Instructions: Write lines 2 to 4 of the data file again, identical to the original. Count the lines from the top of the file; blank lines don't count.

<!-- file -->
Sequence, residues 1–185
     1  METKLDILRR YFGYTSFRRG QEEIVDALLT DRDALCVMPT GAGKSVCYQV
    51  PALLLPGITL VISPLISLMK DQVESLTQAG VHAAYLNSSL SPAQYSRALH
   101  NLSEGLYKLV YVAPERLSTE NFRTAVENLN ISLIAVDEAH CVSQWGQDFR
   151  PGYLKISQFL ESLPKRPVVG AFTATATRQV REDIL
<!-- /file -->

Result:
     1  METKLDILRR YFGYTSFRRG QEEIVDALLT DRDALCVMPT GAGKSVCYQV
    51  PALLLPGITL VISPLISLMK DQVESLTQAG VHAAYLNSSL SPAQYSRALH
   101  NLSEGLYKLV YVAPERLSTE NFRTAVENLN ISLIAVDEAH CVSQWGQDFR